US CDC Supports COVID-19 Boosters for Adults, Workers, and Older Americans at High Risk


September 24 (Reuters) – The United States Centers for Disease Control and Prevention (CDC) on Friday supported a booster of the Pfizer (PFE.N) / BioNTech COVID-19 vaccine for Americans aged 65 and over, adults with underlying health problems and adults in high risk work and institutional settings.

CDC Director Rochelle Walensky’s move is in line with U.S. Food and Drug Administration clearance for the hit earlier this week and follows the August announcement of a large recall deployment by her and other senior U.S. health officials.

The CDC’s recommendation paved the way for booster shots to begin on Friday. Walgreens Boots Alliance and Walmart Inc (WMT.N) said on Friday that the boosters were available immediately to eligible people. They will also be deployed in nursing homes and vaccination centers.

Walensky’s move broke with a recommendation Thursday from a group of expert external advisers at the agency who said a smaller group of people should receive the extra blow. The director of the CDC is not bound to follow the opinion of the jury.

“It was a tight science call. In this situation, it was my call to make,” she told reporters during a White House briefing.

The advisory group specifically excluded people in high-risk jobs and those living in close-knit living conditions, in part because of concerns about a rare side effect of heart inflammation that has occurred primarily in older men. youth. They were also concerned that the recommendation was too broad to be implemented effectively.

Walensky said the policy protects healthcare and frontline workers as well as religious and ethnic minority communities disproportionately affected by the pandemic.

“Many of our frontline workers, essential workers and community workers come from communities that have already been hit the hardest,” she said. “It was a decision to provide rather than deny access.”

The panel recommended boosters for the elderly and some people with health conditions that put them at a higher risk of severe COVID-19.

The clearance opens boosters to more than 20 million people who received their second Pfizer / BioNTech injection more than six months ago.

The CDC told its advisers on Thursday that there would be no requirement to submit documents to prove that people have the underlying conditions or work in risky environments.

Scientists have been divided over the need for COVID-19 vaccine recalls, with some including those from the FDA and the World Health Organization, saying there is not enough evidence they are needed to anyone other than the elderly and that priority should be given to people around the world who have not yet received a first blow.

Pfizer and U.S. health officials have argued that boosters prevent hospitalizations and deaths, and emerging data indicates they can slow mild infections as well.

Cal State Dominguez Hills student Yomaria De Santiago, 35, receives vaccine for Pfizer-BioNTech coronavirus disease (COVID-19) in Carson, Los Angeles, California, United States on August 26, 2021. REUTERS / Lucy Nicholson

The highly transmissible Delta variant of the coronavirus led to an increase in COVID-19 cases in the United States which peaked on September 1 and has since fallen by about 25% to just over 120,000 cases per day, based on of a 7-day moving average.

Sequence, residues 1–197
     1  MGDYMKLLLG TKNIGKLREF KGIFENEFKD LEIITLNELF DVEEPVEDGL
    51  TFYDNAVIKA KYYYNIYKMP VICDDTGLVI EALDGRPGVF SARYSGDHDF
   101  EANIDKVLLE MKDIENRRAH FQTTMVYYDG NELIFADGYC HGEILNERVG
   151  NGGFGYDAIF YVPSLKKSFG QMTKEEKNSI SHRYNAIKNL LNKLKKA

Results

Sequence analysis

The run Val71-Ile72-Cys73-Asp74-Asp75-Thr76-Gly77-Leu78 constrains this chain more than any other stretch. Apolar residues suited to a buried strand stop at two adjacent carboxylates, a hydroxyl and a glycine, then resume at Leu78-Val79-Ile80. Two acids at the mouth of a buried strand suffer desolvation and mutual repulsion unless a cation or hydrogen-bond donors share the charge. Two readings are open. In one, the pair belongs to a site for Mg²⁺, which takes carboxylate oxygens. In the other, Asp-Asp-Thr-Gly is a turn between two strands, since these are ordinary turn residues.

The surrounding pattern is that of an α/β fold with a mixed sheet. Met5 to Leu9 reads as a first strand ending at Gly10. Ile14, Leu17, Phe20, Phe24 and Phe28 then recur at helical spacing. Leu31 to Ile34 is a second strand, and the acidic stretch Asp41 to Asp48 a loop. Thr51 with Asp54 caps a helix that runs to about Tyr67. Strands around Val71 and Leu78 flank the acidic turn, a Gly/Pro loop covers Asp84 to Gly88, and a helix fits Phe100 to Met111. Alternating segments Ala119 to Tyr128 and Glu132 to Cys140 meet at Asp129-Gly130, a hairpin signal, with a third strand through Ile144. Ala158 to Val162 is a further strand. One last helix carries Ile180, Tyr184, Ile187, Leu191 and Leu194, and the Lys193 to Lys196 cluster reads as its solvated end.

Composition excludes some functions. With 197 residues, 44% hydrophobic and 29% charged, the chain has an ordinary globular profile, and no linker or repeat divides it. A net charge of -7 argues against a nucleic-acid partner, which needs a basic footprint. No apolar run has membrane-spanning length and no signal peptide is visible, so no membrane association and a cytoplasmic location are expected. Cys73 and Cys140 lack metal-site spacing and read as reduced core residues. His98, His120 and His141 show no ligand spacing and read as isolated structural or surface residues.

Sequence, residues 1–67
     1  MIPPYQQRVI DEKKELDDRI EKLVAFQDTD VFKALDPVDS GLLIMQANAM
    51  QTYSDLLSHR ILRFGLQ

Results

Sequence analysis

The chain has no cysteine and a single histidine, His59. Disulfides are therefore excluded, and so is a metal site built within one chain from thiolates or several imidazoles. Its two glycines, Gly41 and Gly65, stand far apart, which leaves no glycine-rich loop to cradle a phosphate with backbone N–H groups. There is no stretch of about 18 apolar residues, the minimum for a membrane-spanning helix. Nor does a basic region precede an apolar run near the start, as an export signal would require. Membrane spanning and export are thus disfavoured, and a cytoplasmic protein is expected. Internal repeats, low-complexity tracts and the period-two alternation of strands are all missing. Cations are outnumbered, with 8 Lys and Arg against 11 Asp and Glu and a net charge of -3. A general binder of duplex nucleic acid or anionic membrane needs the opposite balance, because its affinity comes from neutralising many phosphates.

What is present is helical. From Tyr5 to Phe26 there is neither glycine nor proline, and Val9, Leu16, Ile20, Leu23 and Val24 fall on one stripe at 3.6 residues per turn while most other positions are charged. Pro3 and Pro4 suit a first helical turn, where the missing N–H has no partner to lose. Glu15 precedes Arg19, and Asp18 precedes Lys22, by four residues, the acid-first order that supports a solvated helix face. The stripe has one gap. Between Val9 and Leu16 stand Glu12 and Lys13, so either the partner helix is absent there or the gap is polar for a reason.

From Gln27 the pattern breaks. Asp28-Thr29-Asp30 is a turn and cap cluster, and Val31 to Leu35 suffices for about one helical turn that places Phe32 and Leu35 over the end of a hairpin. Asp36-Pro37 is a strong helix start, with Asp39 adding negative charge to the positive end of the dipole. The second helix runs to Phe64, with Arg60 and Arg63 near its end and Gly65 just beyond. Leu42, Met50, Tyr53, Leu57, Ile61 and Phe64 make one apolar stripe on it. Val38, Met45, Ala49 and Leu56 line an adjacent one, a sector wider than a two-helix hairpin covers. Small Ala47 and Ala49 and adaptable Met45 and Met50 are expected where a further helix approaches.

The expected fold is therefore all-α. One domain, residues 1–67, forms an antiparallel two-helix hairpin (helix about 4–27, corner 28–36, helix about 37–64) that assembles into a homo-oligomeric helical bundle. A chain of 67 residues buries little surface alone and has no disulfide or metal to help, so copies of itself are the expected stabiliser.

US infectious disease expert Dr Anthony Fauci said the country needed to descend to around 10,000 cases per day to end the health crisis in the United States.


SVB Leerink analyst Geoffrey Porges said he expects many “very concerned” to seek booster shots in the coming weeks due to the CDC’s loose demands on eligible people.

“It literally means anyone can come forward and say I’m more at risk of being re-infected,” Porges said.

The United States had authorized additional injections for people with weakened immune systems last month and about 2.3 million people have already received a third injection, according to the CDC.

Since the FDA has yet to review Moderna’s (MRNA.O) recall request and Johnson & Johnson (JNJ.N) has yet to request it, Pfizer should benefit, he said. -he declares.

Pfizer shares fell less than 1% on Friday, while Moderna shares fell 5%.

Bernd Salzberger, head of the infectious disease department at Regensburg University Hospital in Germany, said that given the uncertainty over the durability of the protection, experts could easily draw different conclusions on who should be eligible for reminders and when.

The CDC has said people 65 and older should be boosted and also recommended the injections for all adults over 50 with underlying conditions, such as cancer or diabetes.

He said, based on individual benefits and risks, that people 18 to 49 with underlying health conditions may be boosted, as well as those 18 to 64 who are at increased risk for it. exposure and transmission due to their professional or institutional environment.

The CDC said about 26 million people would now be eligible for a Pfizer / BioNTech recall, including 13 million who are 65 years of age or older.

William Schaffner, an infectious disease expert at Vanderbilt University Medical Center, said injections would be widely available under this policy.

“I’m skeptical that the locations will be overwhelmed, but there may be locations, especially in high-income neighborhoods, where they might be of interest to a lot of people,” Schaffner said.

Additional reporting by Manojna Maddipatla in Bengaluru and Ludwig Burger in Frankfurt; Editing by Chizu Nomiyama, Mark Porter and Bill Berkrot

Our standards: Thomson Reuters Trust Principles.


Leave A Reply